Bond investors are cautious of cryptocurrency’s high volatility
Bond markets recently organized two informal cryptocurrency referendums.
The results? Nothing worth writing home about. That’s because of high uncertainty and volatility of cryptos — a level of uncertainty that bond markets aren’t familiar with.
In mid-September, El Salvador’s government bonds dipped after the country adopted Bitcoin as a legal tender. Days later, Coinbase — one of the world’s best crypto exchanges — issued corporate bonds worth $2 billion.
Some have since lost nearly 4.5% of their estimated value.
However, investors are on the fence about crypto, and for a good reason.
Investors buy government bonds for safe and stable returns. It’s a different ball game for cryptocurrencies, which can steeply rise or strangely dip at any time.
Bonds are ideal for a rainy day
Market analysts intimate Coinbase bought government bonds to avert potential risks. The crypto exchange said they did so to strengthen their cash reserves against the wild volatility of cryptocurrencies.
Rich Repetto, a stock analyst at Piper Sandler & Co., alleged that it’s common for digital currencies such as Bitcoin to nosedive as much as 75%, every four years or so. “You want to be shored up for that rainy day”.
Last month, Goldman Sachs sold bonds to investors at 100 cents on the dollar. Then prices immediately dipped thanks to regulatory scrutiny of the Lend product — a Coinbase program that the exchange canceled after SEC issued lawsuit threats.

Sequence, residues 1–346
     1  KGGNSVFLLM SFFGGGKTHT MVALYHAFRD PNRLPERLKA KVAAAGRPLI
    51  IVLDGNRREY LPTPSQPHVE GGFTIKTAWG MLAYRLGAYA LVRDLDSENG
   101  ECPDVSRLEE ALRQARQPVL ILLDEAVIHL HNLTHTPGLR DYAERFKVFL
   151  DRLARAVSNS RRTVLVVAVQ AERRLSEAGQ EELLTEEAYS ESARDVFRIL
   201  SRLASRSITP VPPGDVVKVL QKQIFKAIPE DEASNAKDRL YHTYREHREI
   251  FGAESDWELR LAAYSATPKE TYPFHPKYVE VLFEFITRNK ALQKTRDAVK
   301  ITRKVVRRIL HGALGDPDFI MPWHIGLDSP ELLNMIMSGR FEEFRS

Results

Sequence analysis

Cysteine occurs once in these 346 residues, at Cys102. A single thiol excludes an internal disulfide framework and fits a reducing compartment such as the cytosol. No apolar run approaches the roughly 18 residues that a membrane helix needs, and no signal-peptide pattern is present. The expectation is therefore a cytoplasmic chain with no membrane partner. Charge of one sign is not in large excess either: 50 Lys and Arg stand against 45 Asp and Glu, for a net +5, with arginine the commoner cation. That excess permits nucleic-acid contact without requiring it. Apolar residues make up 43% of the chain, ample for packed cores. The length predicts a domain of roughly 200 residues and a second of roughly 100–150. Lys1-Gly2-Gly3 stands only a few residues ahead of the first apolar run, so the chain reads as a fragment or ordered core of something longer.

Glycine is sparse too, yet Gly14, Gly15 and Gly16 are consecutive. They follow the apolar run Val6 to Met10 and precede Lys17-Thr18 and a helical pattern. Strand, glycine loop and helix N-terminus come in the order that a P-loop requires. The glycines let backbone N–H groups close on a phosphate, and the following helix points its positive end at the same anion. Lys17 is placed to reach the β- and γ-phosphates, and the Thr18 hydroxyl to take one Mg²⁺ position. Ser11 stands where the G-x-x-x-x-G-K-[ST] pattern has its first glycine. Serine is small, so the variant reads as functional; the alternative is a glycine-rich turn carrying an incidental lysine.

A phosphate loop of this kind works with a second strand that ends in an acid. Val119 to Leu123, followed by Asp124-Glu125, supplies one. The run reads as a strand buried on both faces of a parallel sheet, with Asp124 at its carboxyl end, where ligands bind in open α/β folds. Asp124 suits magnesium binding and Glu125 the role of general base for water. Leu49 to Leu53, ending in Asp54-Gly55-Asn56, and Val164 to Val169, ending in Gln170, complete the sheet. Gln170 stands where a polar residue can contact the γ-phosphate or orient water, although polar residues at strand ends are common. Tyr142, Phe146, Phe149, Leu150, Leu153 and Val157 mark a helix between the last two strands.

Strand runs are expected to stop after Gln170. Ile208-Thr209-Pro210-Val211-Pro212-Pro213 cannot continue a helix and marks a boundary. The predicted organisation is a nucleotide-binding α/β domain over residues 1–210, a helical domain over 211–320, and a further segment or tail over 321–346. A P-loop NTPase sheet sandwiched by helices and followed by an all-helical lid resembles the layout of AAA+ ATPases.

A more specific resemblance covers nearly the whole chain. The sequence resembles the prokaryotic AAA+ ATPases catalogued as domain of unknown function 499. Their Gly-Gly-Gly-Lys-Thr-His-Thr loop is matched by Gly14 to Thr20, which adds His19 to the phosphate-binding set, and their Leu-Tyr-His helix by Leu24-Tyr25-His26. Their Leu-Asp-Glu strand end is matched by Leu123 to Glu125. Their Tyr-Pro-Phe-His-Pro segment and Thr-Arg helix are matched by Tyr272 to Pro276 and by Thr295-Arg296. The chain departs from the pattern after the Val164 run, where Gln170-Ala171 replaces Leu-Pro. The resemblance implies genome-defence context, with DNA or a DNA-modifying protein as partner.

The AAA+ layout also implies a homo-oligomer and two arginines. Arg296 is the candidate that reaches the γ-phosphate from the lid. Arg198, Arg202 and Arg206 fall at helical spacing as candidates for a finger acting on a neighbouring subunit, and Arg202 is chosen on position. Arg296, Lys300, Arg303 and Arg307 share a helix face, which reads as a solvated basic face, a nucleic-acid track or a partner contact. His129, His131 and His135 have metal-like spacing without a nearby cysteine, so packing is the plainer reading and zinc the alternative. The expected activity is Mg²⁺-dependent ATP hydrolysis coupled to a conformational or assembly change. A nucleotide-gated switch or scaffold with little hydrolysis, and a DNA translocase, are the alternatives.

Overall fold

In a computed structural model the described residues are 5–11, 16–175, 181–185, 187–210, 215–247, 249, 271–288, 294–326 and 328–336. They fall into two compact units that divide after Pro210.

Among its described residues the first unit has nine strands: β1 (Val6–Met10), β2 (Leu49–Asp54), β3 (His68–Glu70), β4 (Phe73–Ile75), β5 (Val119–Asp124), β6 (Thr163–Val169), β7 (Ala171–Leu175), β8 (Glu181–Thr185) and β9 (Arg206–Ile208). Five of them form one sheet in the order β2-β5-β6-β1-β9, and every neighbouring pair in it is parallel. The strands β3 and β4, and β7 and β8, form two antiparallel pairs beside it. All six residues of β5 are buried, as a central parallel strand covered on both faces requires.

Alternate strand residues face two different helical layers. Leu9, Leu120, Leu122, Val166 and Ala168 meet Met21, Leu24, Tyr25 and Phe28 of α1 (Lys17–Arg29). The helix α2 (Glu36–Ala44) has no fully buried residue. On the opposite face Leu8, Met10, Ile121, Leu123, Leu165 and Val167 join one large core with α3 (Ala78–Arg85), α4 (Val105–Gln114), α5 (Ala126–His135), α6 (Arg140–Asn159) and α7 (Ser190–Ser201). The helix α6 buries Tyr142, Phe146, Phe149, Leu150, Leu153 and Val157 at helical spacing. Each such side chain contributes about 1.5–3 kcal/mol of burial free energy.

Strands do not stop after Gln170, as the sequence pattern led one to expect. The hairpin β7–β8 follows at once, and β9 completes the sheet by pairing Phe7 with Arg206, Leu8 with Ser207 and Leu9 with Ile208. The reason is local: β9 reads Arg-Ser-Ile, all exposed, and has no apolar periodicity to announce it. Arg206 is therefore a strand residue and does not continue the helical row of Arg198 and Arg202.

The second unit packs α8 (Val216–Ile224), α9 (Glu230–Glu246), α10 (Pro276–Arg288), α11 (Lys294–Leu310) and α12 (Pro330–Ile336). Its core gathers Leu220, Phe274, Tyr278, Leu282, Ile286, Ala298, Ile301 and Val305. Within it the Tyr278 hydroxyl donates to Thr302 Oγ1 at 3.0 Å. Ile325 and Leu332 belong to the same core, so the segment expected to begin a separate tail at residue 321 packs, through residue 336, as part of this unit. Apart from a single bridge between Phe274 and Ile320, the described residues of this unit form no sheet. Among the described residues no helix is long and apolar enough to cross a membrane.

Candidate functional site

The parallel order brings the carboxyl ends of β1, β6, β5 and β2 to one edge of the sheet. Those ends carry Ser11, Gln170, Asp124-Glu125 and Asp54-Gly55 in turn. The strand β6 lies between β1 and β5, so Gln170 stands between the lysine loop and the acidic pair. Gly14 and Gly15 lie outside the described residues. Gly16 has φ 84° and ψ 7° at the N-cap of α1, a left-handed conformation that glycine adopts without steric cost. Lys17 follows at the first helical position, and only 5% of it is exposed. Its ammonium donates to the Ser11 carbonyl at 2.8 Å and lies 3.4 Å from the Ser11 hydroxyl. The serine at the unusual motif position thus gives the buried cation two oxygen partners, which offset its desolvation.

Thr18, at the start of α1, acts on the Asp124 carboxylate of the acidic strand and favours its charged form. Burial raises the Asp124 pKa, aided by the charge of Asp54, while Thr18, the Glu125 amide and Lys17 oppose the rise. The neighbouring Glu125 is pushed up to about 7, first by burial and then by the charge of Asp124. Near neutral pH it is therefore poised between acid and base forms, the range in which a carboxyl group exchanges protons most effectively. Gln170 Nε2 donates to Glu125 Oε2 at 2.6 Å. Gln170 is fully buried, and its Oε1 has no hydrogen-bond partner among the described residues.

The bonds, which are due in 2031 — and which pay a 3.625% coupon — now have a 95.50 cents valuation. At the same time, another high-yield bond lost about 1% over the same period. Bitcoin, on the other hand, slightly soared.
Government bonds attract limited potential gains
While bond investors are likely to experience losses, their potential gains are limited. There’s no guarantee that bond shareholders can get returns from their investment, but as long as their earnings and valuations soar higher, returns will steeply rise.
To boost their cash reserves, Coinbase sold their bonds instead of stock. By doing so, they saved the company’s stakes from being diluted — which is what happens when a company issues new shares. Coinbase is yet to comment on the matter.
Though El Salvador adopted Bitcoin as a national currency, their government’s bond depreciated the following day to nearly 6%.
Currently, the bond has depreciated to new lows of about 17% (75 cents on the dollar) since the Central American nation adopted Bitcoin. El Salvador’s bond is due in 2035.